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NDP [New Democratic Party] Wants Mounties to Probe Taping of Call (with video)


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OTTAWA — The NDP is asking the RCMP [Royal Canadian Mounted Police]  to investigate whether Conservatives broke the law by taping a private conference call between NDP Leader Jack Layton and his MPs.

British Columbia Conservative MP John Duncan is shown in a 2001 file photo.

British Columbia Conservative MP John Duncan is shown in a 2001 file photo. (The Canadian Press)

In a letter to RCMP Commissioner William Elliott, the NDP also indicates that British Columbia MP John Duncan is the Tory who was mistakenly e-mailed the information required to take part in the call.

The NDP said Mr. Duncan received the e-mail because his name is similar to that of new NDP MP Linda Duncan.

Dimitri Soudas, the Prime Minister's press secretary and senior Quebec adviser, was filmed on Sunday distributing the recording of the NDP caucus meeting to the media.

But the exposé could backfire on the Conservatives.

Lawyer Jacques Shore, the first research director for the watchdog body overseeing the Canadian Security Intelligence Service, said the scenario that played out this weekend in Ottawa raises serious questions.

The Criminal Code states that it is illegal to record a group conversation without the consent of at least one of the intended participants. Furthermore, a separate provision bans the dissemination of such a recording.

"One has to be very, very careful in how one dispenses information that is taped … without one knowing this could find its way in the public arena," Mr. Shore said. "I think that it calls into question issues that could very well be addressed by the courts to determine whether it's illegal or not.… It certainly brings those points into question, which would certainly be best addressed by a court of law."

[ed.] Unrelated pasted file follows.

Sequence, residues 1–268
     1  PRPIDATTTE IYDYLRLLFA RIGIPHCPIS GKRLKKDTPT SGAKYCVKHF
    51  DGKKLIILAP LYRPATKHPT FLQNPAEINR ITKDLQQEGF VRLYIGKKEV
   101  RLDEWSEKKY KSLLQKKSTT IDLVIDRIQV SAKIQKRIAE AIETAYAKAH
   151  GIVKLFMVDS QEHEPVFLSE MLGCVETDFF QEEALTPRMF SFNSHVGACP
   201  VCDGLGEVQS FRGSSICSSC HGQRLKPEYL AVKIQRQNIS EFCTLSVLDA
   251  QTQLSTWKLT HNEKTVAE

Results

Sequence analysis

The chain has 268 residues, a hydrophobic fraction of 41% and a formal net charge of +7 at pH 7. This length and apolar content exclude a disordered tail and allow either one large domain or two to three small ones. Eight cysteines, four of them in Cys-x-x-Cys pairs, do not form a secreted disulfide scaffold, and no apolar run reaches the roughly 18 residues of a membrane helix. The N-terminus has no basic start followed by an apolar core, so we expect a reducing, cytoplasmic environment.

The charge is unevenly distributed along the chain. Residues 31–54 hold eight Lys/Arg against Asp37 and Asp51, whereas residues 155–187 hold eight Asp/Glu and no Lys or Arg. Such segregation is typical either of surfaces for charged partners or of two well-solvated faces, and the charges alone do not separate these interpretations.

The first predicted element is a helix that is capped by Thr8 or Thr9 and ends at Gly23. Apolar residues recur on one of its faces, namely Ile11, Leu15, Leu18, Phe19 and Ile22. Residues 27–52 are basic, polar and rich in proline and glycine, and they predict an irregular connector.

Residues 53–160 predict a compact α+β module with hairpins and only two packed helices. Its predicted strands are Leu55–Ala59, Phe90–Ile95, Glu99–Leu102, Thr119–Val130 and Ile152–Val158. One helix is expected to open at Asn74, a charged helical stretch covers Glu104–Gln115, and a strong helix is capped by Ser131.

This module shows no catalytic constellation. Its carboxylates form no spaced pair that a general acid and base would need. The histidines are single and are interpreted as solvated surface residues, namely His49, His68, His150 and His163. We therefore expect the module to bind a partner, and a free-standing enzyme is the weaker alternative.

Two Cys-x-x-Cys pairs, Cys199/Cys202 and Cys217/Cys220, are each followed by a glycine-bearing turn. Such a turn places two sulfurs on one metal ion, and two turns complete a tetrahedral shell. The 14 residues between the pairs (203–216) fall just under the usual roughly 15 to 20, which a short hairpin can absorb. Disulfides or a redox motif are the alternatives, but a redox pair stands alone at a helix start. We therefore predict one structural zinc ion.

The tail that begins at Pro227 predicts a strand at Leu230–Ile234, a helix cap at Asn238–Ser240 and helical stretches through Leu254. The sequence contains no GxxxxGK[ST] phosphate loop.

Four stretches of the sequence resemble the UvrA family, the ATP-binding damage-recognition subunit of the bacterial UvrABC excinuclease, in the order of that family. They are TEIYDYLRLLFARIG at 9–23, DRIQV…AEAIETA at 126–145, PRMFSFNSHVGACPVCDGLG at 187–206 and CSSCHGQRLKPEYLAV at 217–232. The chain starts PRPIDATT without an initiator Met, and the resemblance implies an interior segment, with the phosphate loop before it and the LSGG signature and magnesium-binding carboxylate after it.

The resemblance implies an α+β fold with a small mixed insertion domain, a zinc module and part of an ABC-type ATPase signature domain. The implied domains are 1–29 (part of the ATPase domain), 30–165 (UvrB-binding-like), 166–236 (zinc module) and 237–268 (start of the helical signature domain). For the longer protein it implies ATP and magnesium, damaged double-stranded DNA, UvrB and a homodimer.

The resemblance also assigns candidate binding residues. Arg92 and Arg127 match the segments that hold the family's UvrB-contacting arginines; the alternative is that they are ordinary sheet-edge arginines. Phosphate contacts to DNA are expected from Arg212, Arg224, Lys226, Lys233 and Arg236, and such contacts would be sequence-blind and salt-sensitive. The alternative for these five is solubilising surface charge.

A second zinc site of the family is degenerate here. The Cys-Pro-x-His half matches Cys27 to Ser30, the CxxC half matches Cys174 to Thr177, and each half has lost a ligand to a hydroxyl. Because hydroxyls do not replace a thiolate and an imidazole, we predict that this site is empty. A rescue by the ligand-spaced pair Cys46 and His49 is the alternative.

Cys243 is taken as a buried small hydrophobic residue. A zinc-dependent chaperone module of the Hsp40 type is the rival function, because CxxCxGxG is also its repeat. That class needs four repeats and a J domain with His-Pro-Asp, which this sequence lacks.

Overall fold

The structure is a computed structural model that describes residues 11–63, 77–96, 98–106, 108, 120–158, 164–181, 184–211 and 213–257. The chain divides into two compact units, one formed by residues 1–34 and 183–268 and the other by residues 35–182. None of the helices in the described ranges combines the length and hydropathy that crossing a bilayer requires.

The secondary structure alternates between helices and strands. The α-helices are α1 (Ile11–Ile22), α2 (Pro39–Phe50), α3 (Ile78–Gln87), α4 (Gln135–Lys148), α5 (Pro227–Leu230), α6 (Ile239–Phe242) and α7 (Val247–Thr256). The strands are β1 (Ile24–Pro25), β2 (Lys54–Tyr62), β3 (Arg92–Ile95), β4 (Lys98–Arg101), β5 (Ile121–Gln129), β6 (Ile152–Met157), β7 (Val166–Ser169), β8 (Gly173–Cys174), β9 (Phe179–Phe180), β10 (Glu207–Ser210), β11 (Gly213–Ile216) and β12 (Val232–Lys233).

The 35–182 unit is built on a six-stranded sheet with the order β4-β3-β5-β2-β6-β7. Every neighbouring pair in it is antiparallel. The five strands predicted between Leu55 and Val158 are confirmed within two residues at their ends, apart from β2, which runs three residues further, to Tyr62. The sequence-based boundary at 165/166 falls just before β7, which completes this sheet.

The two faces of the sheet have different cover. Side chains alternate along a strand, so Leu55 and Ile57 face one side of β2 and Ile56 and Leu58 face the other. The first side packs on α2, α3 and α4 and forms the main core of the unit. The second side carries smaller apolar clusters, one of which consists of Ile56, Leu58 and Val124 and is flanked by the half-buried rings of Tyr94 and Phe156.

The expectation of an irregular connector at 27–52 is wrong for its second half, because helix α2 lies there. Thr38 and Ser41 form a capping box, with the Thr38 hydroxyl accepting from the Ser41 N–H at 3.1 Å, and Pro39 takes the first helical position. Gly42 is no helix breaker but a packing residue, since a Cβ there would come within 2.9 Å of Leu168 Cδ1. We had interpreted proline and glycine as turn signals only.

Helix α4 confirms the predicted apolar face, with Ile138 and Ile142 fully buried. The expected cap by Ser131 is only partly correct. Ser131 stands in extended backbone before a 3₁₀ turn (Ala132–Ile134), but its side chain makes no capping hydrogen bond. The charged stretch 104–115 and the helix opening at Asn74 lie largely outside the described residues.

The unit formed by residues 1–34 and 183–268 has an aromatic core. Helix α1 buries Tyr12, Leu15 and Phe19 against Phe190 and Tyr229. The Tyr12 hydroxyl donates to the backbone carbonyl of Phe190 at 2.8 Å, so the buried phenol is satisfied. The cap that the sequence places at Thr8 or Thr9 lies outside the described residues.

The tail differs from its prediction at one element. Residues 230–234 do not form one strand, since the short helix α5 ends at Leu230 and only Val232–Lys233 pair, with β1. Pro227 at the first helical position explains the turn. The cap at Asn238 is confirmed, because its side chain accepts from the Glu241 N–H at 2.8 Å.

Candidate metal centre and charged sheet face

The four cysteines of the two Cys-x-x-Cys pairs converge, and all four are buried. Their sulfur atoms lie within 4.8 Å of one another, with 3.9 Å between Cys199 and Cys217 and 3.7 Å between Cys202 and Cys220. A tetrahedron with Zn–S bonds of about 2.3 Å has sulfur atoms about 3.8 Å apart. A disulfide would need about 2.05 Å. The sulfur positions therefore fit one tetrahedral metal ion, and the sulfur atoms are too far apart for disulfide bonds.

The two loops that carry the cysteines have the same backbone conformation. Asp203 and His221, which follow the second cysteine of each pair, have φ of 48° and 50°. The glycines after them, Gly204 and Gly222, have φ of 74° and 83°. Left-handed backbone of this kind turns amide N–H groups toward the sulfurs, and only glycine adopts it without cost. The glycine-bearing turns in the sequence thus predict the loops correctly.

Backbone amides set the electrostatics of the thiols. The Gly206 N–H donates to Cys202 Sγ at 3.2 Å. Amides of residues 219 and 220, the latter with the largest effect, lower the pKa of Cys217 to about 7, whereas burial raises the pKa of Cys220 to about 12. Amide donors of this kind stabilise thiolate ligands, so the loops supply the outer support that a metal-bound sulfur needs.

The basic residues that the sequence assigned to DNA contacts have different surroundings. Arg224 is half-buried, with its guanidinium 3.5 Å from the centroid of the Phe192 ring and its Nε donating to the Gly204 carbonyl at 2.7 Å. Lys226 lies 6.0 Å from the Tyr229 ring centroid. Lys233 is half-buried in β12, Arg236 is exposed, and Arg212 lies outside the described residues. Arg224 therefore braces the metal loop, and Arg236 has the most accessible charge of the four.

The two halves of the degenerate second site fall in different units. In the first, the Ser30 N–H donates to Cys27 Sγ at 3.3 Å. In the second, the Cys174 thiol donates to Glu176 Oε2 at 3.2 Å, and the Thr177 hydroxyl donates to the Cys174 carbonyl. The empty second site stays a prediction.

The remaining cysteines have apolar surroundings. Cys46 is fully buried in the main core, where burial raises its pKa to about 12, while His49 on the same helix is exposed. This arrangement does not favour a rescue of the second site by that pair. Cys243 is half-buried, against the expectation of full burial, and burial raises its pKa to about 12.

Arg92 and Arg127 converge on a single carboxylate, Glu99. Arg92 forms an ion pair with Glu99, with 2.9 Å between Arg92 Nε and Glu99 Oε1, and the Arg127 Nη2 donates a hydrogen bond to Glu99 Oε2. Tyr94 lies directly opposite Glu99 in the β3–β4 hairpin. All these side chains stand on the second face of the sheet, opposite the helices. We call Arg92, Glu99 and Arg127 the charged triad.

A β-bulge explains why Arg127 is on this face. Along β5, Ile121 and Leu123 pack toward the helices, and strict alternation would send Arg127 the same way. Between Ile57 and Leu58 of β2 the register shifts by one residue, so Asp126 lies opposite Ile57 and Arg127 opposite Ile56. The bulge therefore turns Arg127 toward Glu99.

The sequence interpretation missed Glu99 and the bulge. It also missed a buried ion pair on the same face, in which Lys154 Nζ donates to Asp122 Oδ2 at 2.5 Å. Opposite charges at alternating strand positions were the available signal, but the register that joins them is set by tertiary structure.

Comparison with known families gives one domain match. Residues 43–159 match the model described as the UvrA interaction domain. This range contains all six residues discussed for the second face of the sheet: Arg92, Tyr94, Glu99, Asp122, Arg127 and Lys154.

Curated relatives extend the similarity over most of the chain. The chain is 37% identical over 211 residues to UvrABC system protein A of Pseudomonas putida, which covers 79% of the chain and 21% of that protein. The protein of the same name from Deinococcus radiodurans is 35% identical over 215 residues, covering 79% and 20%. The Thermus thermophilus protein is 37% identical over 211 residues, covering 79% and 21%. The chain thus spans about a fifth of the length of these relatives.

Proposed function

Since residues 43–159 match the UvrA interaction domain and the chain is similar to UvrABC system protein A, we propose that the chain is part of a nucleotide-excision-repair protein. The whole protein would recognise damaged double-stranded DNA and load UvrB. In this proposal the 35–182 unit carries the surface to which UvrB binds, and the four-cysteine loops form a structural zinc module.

Mr. Soudas declined to answer when asked to comment on the allegations of criminal activity. The Prime Minister's director of communications, Kory Teneycke, also declined to comment, and Mr. Duncan could not be reached. It is not known whether Mr. Duncan is the one who called in and taped the caucus meeting.

NDP MP Thomas Mulcair, who insists his party started talking with the Bloc only after the government's Nov. 19 Throne Speech, said the incident shows why the opposition parties want to replace the government.

"Caucuses are one of the institutions of our Parliament," Mr. Mulcair told reporters. "Spying on a caucus undermines those institutions, and of course, it's just another indication of why the Conservatives don't deserve the confidence of Parliament."

Should the RCMP choose to investigate, lawyers say a key point will be whether the e-mail was sent to Mr. Duncan intentionally. The relevant section of the Criminal Code says a conversation can be recorded with the consent of one of the intended recipients of the information being discussed. People who are known to be part of the discussion can give themselves that consent. That is why it is legal for reporters, for instance, to record telephone interviews without the knowledge of the person being interviewed.

But Mr. Shore said outsiders cannot give themselves permission to record a phone conversation without the approval of at least one of the people intended to take part in the call.

What will have to be determined is whether, Mr. Duncan is an outsider, given that he received the e-mail notification of the conference call and information on how to dial in.

The Prime Minister's Office handed out copies of the recording to reporters on Sunday, claiming it showed the NDP and the Bloc Québécois had long conspired to topple the Conservative government.

Tories release secret tape

The NDP says it may pursue criminal charges after the Conservatives covertly listened in, taped and distributed audio of a closed-door New Democrat strategy session 

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